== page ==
A wrongly convicted man must try to survive a public execution gauntlet staged as a game show.
Based on a story by Stephen King (as Richard Bachman), The Running Man essentially set the stage for movies and ideas like Battle Royale, The Hunger Games, The Purge, and more.
The horror elements here are basically the constant threat of the hunt. Arnold Schwarzenegger is constantly on the move to not only survive but to also find a way to expose and take down the very people who framed him. Facing one “gladiator” after another, each equally vicious and despicable, Schwarzenegger and crew are fighting for their very lives every moment of this sadistic TV show.Dark City
A man struggles with memories of his past, including a wife he cannot remember, in a nightmarish world with no sun.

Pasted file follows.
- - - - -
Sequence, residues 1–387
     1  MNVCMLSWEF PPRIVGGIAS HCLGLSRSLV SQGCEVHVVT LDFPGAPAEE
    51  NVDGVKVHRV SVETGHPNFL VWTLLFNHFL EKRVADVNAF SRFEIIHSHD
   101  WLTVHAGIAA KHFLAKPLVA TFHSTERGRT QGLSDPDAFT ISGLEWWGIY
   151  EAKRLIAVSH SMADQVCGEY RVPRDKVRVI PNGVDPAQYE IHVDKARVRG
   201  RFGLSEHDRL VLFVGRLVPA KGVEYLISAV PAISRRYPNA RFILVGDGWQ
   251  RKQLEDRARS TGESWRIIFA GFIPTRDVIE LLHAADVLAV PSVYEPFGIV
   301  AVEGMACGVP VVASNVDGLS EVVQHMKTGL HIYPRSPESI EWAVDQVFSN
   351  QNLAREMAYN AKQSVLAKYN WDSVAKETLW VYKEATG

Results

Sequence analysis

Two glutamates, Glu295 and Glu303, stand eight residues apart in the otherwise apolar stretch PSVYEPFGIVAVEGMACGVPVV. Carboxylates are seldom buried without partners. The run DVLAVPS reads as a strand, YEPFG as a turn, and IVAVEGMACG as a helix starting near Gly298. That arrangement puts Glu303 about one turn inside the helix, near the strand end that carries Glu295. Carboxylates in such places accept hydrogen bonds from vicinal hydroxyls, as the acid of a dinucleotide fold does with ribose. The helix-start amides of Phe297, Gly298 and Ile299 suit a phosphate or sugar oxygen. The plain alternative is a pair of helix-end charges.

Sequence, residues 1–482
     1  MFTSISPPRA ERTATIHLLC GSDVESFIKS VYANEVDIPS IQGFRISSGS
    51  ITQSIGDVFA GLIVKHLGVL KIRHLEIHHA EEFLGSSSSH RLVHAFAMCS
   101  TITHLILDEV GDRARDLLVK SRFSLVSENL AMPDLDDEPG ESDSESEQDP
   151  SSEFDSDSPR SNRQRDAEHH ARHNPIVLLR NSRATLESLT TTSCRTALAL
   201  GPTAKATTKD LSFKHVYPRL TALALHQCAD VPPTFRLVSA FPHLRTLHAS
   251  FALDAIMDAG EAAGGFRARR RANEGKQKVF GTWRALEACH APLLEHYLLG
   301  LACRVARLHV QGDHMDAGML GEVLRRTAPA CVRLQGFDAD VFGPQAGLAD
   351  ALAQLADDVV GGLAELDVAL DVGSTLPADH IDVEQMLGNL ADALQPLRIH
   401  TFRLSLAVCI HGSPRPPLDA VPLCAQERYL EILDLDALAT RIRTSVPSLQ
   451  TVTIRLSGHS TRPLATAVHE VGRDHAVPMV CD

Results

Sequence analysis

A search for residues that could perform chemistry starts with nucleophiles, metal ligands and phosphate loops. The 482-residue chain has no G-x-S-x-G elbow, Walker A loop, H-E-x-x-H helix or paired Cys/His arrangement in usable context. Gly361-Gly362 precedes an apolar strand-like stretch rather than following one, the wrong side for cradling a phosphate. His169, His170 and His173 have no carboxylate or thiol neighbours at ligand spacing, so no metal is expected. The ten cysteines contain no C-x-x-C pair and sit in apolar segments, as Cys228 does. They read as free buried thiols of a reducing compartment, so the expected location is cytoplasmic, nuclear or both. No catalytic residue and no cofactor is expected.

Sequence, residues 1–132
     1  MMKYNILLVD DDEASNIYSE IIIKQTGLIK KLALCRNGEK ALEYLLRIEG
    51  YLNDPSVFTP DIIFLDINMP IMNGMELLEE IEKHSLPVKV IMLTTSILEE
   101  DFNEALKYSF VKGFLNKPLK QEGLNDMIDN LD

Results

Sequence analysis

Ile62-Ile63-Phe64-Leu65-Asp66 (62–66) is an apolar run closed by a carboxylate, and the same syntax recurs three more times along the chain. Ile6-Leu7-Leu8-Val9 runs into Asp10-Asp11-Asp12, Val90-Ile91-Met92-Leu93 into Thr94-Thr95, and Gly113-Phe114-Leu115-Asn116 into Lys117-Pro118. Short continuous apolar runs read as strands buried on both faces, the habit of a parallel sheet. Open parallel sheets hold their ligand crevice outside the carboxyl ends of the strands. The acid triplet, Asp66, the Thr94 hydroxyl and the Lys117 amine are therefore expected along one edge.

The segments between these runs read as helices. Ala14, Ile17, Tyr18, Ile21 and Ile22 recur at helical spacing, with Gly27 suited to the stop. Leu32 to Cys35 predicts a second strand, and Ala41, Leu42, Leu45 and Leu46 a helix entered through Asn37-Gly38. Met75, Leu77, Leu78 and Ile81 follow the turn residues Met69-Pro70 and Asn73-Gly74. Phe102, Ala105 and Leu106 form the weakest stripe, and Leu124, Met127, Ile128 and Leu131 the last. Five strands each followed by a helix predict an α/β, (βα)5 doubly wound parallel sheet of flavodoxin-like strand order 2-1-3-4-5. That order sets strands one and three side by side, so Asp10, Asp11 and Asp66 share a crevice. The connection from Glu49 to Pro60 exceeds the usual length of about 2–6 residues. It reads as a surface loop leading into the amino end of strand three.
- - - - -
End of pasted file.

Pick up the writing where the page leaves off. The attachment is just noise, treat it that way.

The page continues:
It’s hard to describe Dark City because the movie is so unique and out there. But I don’t think anyone can deny that through its sci-fi noir veneer, there is an underbelly strongly influenced by horror. I mean, remember that little child Stranger? That’s something out of a nightmare.
Filled with an incredible cast (Rufus Sewell, Kiefer Sutherland, Jennifer Connelly, William Hurt, Richard O’Brien, Ian Richardson, and more) and directed by Alex Proyas (The Crow), this movie was under-appreciated upon release but has since grown a strong cult following.The 13th Warrior